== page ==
Sapphire Buyer Guide
When buying a sapphire the most important aspects to consider are the 4 C’s. They are color, color, color and color! Yes, unlike the universal grading system used to value diamonds, 70% of a colored gemstone’s value is based on its color. Two blue sapphires of the same carat weight may vary vastly in value depending on their color.
The color quality of a sapphire depends in three parameters; hue, tone and saturation. These parameters are used in conjunction to determine color quality of a sapphire. A velvety to violetish blue sapphire with a strong saturation without compromising the brightness, in medium to medium dark tones can command a higher value.
Clarity or the level of inclusions play rather a different role in colored gemstone like sapphires and rubies than in diamonds. A sapphire with a rich velvety texture is considered more valuable and desirable than a sapphire with diamond like transparency, even if it means there are minor presence of rutile. The rich velvety texture is due to the minor inclusions in the natural sapphire giving it that brilliant coveted look. This is more like a person’s character. It is like ‘that’ what makes her who she is!
Sapphire cut has more meaning to it than just being round, square, oval or pear shaped. A cutter evaluates the rough crystal sapphire stone to determine the ultimate shape and size of the gem. Orienting the cut to achieve the desirable color is the final goal of the cutter. In comparing to diamonds, the best sapphire cuts have a higher depth/width ratio. Deep cut sapphires preserve weight and shows off more color whereas shallow cut sapphires appear bigger for theirweight and looks lighter than the deep cut ones. For a rough guide on sapphire sizes see our gemstone size charts.
Sapphire Weight (Carat)
The carat weight of a sapphire depends on the density of the precious stone. The weight does not necessarily define the value of the stone. Sapphires range from few to hundreds of carats. The value of two sapphires of the same carat weight may significantly differ from each other depending on their color.
For those who like more homework, an accurate color/clarity evaluation chart printed in accordance to CMYK/RGB/Hexadecimal color/clarity formula by a respected gemological authority can be used to determine the color quality of a sapphire. There is no universal grading system to grade a sapphire. Respectable gemological institutions have developed their own grading schemes to rate the overall quality of a sapphire. Having said this, beauty is in the eye of the beholder!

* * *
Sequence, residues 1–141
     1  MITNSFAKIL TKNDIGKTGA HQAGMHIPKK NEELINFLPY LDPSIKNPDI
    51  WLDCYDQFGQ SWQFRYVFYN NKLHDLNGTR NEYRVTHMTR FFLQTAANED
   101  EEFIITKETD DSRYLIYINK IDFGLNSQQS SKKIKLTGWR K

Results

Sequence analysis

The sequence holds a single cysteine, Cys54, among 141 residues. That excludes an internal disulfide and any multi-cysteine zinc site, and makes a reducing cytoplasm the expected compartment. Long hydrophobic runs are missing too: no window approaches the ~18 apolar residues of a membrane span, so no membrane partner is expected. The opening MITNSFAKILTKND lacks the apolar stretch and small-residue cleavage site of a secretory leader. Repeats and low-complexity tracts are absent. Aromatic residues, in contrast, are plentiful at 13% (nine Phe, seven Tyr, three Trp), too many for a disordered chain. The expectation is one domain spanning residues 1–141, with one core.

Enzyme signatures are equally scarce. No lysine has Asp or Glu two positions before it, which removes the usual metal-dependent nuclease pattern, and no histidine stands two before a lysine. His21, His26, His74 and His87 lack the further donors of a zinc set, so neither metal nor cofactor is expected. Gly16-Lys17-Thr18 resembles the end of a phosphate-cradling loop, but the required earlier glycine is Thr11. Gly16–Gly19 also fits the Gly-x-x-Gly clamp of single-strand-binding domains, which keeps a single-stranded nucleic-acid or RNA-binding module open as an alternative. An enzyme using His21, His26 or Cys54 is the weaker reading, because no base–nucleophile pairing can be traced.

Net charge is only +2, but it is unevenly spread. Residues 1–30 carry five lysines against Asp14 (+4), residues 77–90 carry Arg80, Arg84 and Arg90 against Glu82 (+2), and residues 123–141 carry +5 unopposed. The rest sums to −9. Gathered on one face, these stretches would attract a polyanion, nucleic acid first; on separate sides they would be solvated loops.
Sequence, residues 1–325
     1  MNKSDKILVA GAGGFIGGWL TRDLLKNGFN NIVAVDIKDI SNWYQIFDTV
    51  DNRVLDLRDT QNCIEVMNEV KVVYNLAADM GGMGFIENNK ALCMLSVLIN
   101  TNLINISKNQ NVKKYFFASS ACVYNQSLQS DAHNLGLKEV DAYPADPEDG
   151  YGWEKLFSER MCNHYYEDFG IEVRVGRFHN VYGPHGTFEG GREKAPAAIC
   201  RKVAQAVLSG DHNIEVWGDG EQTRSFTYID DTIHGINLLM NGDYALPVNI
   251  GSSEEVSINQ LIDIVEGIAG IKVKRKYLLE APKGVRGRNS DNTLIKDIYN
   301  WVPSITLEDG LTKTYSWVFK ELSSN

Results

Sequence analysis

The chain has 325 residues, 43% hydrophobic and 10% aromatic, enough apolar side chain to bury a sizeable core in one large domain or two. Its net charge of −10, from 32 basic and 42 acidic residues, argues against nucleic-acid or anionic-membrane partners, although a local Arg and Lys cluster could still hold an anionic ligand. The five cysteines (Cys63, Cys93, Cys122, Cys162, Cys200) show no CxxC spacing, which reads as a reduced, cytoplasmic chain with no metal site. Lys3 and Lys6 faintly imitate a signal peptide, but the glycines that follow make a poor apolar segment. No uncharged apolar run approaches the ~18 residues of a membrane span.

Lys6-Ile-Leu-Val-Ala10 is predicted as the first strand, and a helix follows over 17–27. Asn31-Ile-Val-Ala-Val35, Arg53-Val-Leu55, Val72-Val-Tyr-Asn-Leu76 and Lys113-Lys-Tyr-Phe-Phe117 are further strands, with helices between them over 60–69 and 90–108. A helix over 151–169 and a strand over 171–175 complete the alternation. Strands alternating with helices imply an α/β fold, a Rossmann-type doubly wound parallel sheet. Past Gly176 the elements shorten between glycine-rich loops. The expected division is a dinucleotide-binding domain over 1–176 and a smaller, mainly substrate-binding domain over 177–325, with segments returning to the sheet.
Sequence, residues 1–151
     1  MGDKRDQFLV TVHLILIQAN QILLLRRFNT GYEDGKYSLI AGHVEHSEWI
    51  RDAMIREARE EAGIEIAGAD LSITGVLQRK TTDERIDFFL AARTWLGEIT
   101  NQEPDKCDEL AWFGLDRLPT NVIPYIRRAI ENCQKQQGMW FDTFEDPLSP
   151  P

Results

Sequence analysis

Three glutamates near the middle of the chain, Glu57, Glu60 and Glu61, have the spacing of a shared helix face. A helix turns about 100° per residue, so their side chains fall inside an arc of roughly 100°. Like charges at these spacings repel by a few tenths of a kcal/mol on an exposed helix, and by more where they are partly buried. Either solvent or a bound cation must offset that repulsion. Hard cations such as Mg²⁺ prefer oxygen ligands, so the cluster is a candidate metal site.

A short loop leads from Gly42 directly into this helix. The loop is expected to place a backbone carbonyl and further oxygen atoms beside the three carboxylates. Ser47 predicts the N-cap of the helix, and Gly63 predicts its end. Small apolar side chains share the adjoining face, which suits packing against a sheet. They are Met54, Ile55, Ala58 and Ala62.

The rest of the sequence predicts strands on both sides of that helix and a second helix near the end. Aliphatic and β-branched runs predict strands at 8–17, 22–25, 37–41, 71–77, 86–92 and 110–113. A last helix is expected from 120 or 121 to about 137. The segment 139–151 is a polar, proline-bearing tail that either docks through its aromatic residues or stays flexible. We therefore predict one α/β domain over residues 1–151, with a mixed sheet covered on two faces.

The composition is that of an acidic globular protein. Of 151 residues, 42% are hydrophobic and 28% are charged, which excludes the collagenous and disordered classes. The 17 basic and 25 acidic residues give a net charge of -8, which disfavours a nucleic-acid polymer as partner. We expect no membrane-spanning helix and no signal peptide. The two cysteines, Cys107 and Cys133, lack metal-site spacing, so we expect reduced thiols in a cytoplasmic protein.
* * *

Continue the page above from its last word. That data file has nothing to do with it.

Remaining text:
The origin of the sapphire gemstone is one of the most highly influential factors in determining its value. Ceylon, currently known as Sri Lanka, is the world’s oldest known source for the best quality blue sapphires. Blue sapphire gemstones that originates in Sri Lanka are popularly known as “Ceylon Blue Sapphires”. Gemstone and especially blue sapphires found in Srilanka known for their nearly flawless quality and large sizes command the highest price in the market.
Ceylon blue sapphires are renowned for their deep intense blue color, higher clarity and brilliance. The world’s finest quality sapphire stones originated from Sri Lanka. All three of the most precious, largest faceted, blue sapphire gemstones in the world - 486 carat Blue Giant of the Orient, 422.9 carat Logan Blue Sapphire (both displayed at the Smithsonian Institute in Washington DC,USA ) and the famous 400 carat blue sapphire “Blue Belle” that adorns the British crown, originated from Srilanka.
Ceylon or Srilanka is called “Rathna Deepa” in the native language and it means “land of gems”. Srilanka has a 2,400 million year geological history and a 2,500 year old documented history of civilization. Sri Lanka has been mining gemstones since 500 B.C. This country still has the highest density of gem deposits compared to land mass and mines 40 of the 85 varieties of gemstones in the world.
In the words of Marco Polo, "I want you to understand that the island of Ceylon is, for its size, the finest island in the world, and from its streams come rubies, sapphires, topazes, amethyst and garnet".